Completed programmes

DICS – Dependable Information and Communication Systems (2002-2006)
Without reliable information and communication systems, the information society of the 21st century would cease to function. 
To contribute to establishing stable information and communication systems, in 2002 the Hasler Foundation set up the DICS support programme. 
The results of the programme, which came to an end in 2006, were published by Springer.

MMI – Man-Machine Interaction (2004-2008)
While the technical capability of information systems is constantly increasing and the areas of application are expanding, their accessibility to users often lags behind. 
That is why the MMI programme concentrated on designing new, user-friendly interfaces between man and machine. 
This support programme was only available to partnership projects involving universities of applied sciences and academic universities, with the universities of applied sciences playing the leading role. The results of the programme were published by Springer.

ManCom – Managing Complexity of Information and Communication Systems (2006-2010)
The ManCom programme further developed the concept behind the DICS programme, with the aim of managing the complexity of information and communication systems in order to be able to increase their security and reliability.

FIT – Fit in Informatik (2006-2015)
In 2006, the Hasler Foundation launched its support programme FIT – Fit in IT, with a ten-year timeframe and an endowment of CHF 20M,  to anchor genuine IT education within schools. On the 21st of April 2015, the Hasler Foundation officially ended this programme in the wake of related decision-making within the Swiss education system. 
You will find more information about FIT on the fact sheet in german or in french and on the website fit-in-it. –> Press release in german or french on the end of FIT.

SmartWorld – Information and Communication Technology for a Better World (2011-2015)
Information technology provides us with an ever increasing miniaturization of computer technology that comes along with increasing computing power, higher cost-efficiency, larger storage and larger communication bandwidth. At the same time, advances in micro- and nanotechnology result in new sensor devices that allow us to integrate information sensing, processing and communication capabilities into almost all real-world objects. Such a combination of sensing, actuating, communication and computing towards a large scale distributed information system have a huge impact on people’s day-to-day lives and bears the potential of improving the quality of life while making efficient use of natural resources.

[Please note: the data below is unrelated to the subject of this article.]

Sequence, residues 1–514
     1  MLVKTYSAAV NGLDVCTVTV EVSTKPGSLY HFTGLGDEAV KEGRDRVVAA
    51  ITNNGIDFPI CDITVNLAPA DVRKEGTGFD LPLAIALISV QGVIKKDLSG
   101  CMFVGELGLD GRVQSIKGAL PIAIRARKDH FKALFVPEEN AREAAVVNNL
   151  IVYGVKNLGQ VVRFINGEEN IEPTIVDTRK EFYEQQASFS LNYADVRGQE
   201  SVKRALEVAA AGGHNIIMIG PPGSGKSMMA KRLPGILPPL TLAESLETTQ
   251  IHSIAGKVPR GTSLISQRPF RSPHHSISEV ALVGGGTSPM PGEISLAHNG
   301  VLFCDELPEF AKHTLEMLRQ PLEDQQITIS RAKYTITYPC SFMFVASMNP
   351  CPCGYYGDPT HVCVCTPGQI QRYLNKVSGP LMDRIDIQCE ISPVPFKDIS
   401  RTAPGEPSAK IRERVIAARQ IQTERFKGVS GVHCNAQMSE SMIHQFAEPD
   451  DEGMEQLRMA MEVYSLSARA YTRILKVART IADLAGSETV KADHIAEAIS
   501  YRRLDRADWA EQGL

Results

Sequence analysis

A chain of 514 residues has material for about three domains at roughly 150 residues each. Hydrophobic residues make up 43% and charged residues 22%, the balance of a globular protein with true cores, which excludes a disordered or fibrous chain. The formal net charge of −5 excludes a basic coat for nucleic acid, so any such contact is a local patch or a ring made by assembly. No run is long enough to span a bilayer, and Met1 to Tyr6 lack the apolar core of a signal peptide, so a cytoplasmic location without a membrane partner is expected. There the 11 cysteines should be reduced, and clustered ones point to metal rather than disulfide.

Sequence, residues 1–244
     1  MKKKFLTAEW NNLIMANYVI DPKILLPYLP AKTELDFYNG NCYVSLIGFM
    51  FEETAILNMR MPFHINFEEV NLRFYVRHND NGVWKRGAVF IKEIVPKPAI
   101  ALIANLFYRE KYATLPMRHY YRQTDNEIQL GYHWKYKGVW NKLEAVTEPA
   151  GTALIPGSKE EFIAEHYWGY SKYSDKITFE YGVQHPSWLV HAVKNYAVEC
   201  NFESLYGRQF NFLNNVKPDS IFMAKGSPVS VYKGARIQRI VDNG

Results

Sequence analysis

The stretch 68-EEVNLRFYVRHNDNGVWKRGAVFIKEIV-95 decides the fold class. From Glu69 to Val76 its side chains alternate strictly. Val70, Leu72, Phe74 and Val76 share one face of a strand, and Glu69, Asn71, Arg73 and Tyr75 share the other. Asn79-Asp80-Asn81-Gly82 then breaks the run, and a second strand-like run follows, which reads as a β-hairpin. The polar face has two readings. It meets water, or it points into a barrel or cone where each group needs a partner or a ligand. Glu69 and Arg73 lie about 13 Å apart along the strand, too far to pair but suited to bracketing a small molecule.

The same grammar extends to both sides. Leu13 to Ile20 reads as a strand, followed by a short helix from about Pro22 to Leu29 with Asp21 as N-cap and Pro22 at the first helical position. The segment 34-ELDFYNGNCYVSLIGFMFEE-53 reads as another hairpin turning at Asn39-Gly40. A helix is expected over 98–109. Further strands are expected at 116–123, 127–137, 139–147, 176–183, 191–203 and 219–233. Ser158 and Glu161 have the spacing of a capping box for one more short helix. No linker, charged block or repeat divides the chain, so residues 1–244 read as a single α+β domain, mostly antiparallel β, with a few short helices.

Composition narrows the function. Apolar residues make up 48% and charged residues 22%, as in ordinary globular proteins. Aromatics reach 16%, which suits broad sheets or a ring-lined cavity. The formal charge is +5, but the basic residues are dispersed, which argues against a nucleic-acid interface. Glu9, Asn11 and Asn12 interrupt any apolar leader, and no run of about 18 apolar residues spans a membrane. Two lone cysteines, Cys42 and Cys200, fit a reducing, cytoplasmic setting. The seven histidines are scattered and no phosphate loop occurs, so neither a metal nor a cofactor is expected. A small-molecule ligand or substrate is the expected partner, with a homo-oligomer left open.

On the occasion of a Workshop in March, 2013, the supported 12 projects were introduced:

EasyFlow: Pervasive and Reliable Mesh Networks for Efficient Energy Hubs
MEMOR1ES: Reclaim Your Digital Life
Liquid Software Architectures
Databasing the Brain
Green-Mod – Towards reliable stochastic data-driven models applied to the energy saving in buildings
Roboscoop: concurrent robotics framework
Attentive Public Displays
POPWiN: Parallel Object remote Programming for Heterogeneous Wireless Networks over IPv6
Semantically Self-organized distributed Web Search (SODS)
Signal/Collect: Large Scale Graph Processing for Distributed World
Smart-DAYS: Smart Distributed daily living ActivitY-recognition Systeme
Ultralight low-cost clipable vision system for mobility aids

CHS – Cyber Human Systems (2016-2020)
Computing plays an ever increasing role in all aspects of our life. As a consequence, society and information technology continuously interact and influence each other in a complex process. In this context, cyber-human system research investigates the increasingly coupled relationship between humans and computing with the broad goal of advancing human capabilities. Novel models, methods, theories and technological innovations in information technology are developed to increase our understanding of this new class of computing systems and to exploit their large economical and societal potential.
Research in cyber-human systems addresses specifically all aspects close to the interface between humans and information technology. It is concerned with novel computing platforms such as wearable, textile-integrated and mobile devices or even person-embedded sensors and computers. The research also explores systems that interact with users through multiple modalities such as new interaction techniques, computer displays and even brain-machine interfaces. Algorithmic aspects in cyber-human systems concentrate on local data processing in smart devices at the network edge rather than sending all data to the cloud for processing. Finally, research also addresses the consequences of such an augmented life and society where an intelligent infrastructure could influence and impact all aspects of our lives. More details can be found here.